The Last Story Game Poster Image

The Last Story



Deep, engrossing RPG with violence and teen themes.

What parents need to know

Educational value

The Last Story wasn't created with educational intent, and we don't recommend it for learning.

Positive messages

Themes of honor, sacrifice, betrayal, guilt, and perseverance run throughout the story. Showy fantasy violence occurs frequently, but it's generally in service of the narrative rather than violence for the sake of violence. 

Positive role models

The lead characters are complex and at times difficult to read, but appear generally good-hearted and well meaning. They are loyal to each other (though they get into the occasional spat) and intend to do well for others, though their line of work frequently leads them into deadly conflict.

Ease of play

Navigation and character management should prove pretty familiar to veteran RPG fans, but it takes a while to acclimate to the game's unusual combat system. Players attack by moving their character into proximity with enemies and pressing the control stick toward them, occasionally switching to a first-person targeting system to carry out ranged attacks and issue instructions to teammates. Thankfully, the learning curve is low, which means players have plenty of time to get the hang of things before the really tough monsters show up. 


Players control mercenaries who fight enemies human, animal, and fantastical in nature in fast-paced fracases using swords, bows, magic, and other weapons. There is no blood or gore, but instead powerful flashes of energy and light. Enemies crumple on the ground when hurt, sometimes yelling out in pain. Innocent people can be seen attacked and injured by soldiers.    


Expect plenty of flirting, with characters hitting on one another in vague terms, as well as a bit of authentic romance. Some characters wear lightly revealing costumes, such as tunics that lace loosely up at their sides, and players eventually have the option to make their characters' outfits invisible so that they appear to be wearing naught but underwear.


Mild profanity -- "hell," "damn," "bastard," "piss," "s--t" -- is heard frequently in voiced dialogue.

Not applicable
Drinking, drugs, & smoking

Some scenes take place in a tavern, with a female character reveling in her drunkenness and attempting to get others to join her. This same character talks about drinking outside of the pub, once noting how she was feeling shaky because she hadn't had a drink in the past day.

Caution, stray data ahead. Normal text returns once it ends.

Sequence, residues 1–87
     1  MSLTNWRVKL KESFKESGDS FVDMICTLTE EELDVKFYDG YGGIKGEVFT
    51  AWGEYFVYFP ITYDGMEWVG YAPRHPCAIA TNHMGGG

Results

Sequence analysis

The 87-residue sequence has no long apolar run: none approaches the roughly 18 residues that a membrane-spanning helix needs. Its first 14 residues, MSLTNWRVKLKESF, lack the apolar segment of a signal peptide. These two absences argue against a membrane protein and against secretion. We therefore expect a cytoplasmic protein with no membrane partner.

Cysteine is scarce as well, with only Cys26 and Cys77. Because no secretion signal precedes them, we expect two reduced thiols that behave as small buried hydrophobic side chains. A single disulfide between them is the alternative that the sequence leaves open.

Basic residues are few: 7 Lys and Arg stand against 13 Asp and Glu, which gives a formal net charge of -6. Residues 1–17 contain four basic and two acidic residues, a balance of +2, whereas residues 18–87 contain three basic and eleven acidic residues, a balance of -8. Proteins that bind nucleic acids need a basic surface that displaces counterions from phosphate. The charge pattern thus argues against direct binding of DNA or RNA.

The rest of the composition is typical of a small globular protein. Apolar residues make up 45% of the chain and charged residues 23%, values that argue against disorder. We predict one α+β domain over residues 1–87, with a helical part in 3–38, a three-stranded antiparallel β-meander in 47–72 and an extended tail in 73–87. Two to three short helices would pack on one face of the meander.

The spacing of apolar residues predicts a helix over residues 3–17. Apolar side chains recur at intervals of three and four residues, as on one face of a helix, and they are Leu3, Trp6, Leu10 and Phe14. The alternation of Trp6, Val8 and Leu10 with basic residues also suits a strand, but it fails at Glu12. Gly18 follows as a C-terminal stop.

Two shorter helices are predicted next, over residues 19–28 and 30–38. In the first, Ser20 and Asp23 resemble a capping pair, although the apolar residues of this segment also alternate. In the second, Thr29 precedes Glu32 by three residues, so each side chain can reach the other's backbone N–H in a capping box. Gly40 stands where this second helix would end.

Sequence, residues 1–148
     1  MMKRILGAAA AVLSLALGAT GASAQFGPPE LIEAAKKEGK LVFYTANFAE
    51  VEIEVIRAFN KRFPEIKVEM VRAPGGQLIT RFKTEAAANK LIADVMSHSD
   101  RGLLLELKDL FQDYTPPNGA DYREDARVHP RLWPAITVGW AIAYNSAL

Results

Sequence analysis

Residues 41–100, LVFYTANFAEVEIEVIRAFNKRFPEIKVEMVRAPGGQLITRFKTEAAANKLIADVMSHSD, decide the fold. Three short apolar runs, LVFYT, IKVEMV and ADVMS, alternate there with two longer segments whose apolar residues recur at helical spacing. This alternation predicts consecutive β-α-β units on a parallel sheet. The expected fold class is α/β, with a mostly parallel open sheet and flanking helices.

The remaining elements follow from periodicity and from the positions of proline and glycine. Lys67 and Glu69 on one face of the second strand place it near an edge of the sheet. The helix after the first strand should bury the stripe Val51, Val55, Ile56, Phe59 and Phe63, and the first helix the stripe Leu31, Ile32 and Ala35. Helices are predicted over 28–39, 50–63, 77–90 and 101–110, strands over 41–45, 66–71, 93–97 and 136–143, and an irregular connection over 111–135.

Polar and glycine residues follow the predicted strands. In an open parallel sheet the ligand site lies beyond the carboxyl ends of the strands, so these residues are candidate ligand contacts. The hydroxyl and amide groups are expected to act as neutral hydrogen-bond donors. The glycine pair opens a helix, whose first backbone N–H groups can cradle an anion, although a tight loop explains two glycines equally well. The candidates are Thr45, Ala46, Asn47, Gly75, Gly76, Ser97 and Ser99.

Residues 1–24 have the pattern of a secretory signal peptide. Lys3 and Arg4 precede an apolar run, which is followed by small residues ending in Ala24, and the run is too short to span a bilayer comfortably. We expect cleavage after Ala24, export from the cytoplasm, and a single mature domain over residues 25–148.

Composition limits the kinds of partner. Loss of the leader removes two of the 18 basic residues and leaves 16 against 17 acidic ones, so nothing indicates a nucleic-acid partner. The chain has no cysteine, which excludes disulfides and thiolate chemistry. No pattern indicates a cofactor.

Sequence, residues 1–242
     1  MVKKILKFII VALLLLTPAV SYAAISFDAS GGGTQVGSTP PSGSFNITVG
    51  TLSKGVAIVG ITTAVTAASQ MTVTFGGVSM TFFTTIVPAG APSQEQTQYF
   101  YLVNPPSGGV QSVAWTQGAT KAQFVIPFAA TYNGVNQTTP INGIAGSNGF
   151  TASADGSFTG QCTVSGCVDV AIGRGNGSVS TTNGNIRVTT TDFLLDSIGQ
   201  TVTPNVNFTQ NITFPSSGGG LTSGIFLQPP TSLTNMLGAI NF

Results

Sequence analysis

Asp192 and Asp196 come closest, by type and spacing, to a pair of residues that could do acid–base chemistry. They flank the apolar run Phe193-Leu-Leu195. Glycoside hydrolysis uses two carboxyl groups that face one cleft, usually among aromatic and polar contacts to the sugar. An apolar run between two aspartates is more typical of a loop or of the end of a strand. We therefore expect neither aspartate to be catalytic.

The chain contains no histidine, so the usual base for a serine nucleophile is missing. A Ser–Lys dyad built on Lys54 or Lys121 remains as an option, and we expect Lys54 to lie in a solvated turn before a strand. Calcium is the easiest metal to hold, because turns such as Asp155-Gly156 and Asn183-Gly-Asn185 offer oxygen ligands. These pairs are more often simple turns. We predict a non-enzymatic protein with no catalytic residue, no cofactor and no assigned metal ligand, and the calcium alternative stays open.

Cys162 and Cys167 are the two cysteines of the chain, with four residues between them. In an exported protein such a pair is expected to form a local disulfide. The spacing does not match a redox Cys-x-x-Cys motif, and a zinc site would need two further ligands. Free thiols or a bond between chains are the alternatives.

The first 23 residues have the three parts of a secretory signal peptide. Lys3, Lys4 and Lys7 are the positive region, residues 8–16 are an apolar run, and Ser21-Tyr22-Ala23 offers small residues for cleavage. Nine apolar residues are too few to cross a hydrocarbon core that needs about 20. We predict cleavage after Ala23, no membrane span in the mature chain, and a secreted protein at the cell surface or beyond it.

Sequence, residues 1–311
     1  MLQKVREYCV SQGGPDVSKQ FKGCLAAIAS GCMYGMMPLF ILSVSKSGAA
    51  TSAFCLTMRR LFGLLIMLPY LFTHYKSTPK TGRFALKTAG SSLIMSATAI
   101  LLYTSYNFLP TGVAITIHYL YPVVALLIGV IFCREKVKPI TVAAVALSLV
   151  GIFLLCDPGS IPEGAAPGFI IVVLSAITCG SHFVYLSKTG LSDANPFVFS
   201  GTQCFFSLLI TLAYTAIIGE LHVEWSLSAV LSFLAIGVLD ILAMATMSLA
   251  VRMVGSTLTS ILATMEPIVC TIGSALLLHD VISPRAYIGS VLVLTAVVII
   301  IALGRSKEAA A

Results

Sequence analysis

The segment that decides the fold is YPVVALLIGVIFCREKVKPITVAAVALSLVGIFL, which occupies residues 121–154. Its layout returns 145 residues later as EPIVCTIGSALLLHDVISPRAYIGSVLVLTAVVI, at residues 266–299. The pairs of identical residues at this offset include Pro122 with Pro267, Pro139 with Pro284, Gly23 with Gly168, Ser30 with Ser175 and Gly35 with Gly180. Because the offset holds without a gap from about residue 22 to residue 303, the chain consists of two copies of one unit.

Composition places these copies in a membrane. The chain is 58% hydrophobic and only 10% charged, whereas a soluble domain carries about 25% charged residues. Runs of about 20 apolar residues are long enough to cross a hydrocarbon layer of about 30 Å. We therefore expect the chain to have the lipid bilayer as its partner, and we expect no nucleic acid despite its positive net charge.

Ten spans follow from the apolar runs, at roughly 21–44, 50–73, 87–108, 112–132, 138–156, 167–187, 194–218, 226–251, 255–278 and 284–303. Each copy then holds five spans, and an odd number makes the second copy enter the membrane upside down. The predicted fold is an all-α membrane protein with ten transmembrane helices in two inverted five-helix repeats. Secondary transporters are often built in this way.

Parents Need to Know

Parents need to know that The Last Story is an action role-playing game for Wii with plenty of frenetic, non-bloody combat. The steady violence combines with some light sexual overtones, frequent reference to alcohol and intoxication, and mild profanity to make this a game suitable for teens and older audiences. The narrative revolves around a group of soldiers for hire, but they are good-natured and generally motivated to do the right thing when presented with hard decisions. They sometimes find themselves at odds with one another, but prove loyal friends in the end.

What's it about?

Players take on the role of Zael, a mercenary with grander aspirations, in the action role-playing game THE LAST STORY. Designed by famed gamesmith Hironobu Sakaguchi and scored by the legendary Nobuo Uematsu -- the pair behind several of the most memorable entries in the Final Fantasy franchise -- this fantastical tale tackles everything from taboo romances and simple side-quests to warring states and the fate of a planet. Players spend their time chatting with others, engaging in fast-paced real-time battles, and collecting and swapping out gear in a constant quest for character improvement. The game also includes an online mode in which players can connect with friends or strangers, either battling each other or teaming up to take on extremely powerful foes.

Is it any good?


The Last Story is recognizably Japanese in both design and execution. Expect spiky-haired protagonists, massive swords, occasionally syrupy dialogue, and a plot in which the very world is at stake. However, it's also possessed of some Western game sensibilities. The characters are at times a bit grittier than you might expect, and the combat takes place in real time (even if players don't always have direct control over each and every strike). Plus, the game is loaded with side-quests that lend a richness and depth to the world and its people that's sometimes lacking in Japanese RPGs. It's an interesting blend that may lure in players who haven't taken to Eastern role-playing games in the past.

That said, it's a pretty linear experience, and the action begins to border on repetitive midway through. Players not invested in the narrative may find it difficult to see the game through to the end. Regardless, it's a welcome entry in a genre that has been sorely underrepresented on Nintendo's little white box.

Families can talk about...

  • Families can talk about violence in media. Do you think this game's violence serves a narrative purpose, or does it exist merely for thrills and entertainment? Does this distinction matter when considering age appropriateness for kids?

  • Families can also discuss the depiction of alcohol in media. What do you think of characters who appear to take pleasure in frequent intoxication? What role does alcohol play in the lives of people you know?